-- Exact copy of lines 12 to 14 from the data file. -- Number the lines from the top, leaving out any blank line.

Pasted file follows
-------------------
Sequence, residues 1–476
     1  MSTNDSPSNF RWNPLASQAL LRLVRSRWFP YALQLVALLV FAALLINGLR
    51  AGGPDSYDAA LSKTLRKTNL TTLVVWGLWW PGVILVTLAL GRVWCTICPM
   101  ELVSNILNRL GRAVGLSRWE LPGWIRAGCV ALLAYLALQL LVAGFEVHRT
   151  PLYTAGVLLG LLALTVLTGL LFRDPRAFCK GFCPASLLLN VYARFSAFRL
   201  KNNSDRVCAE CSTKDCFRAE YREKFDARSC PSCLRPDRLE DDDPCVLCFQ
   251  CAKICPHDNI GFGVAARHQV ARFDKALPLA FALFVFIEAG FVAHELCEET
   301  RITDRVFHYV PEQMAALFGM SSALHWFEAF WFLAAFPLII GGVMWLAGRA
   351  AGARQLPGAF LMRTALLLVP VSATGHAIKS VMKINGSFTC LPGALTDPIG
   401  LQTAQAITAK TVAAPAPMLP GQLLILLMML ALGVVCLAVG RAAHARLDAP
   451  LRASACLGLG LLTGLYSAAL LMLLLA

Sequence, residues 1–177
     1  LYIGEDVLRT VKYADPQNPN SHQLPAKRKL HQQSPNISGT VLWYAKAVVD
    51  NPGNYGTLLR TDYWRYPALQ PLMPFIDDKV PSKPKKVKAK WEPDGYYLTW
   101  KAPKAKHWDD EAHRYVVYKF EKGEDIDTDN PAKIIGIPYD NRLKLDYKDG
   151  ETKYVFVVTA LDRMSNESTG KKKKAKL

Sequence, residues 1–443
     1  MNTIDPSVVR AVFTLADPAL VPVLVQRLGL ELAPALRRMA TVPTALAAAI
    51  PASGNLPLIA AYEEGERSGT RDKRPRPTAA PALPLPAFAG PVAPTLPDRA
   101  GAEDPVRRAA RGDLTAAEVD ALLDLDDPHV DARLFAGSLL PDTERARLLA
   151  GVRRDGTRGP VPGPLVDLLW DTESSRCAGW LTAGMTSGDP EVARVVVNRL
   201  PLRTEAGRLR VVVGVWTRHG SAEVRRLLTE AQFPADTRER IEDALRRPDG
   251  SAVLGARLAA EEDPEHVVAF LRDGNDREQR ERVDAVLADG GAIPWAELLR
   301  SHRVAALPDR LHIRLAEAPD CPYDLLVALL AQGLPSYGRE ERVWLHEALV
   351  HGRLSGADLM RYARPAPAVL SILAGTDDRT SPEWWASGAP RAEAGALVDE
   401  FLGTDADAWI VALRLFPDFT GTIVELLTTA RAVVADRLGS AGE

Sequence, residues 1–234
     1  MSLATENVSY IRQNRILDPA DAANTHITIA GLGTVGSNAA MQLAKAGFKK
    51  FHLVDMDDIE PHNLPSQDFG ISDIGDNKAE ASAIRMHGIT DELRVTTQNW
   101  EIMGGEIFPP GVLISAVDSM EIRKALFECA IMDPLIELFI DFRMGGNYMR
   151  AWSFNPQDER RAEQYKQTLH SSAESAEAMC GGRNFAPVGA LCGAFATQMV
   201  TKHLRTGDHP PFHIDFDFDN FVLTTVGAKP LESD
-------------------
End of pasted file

Sequence, residues 1–177
     1  LYIGEDVLRT VKYADPQNPN SHQLPAKRKL HQQSPNISGT VLWYAKAVVD
    51  NPGNYGTLLR TDYWRYPALQ PLMPFIDDKV PSKPKKVKAK WEPDGYYLTW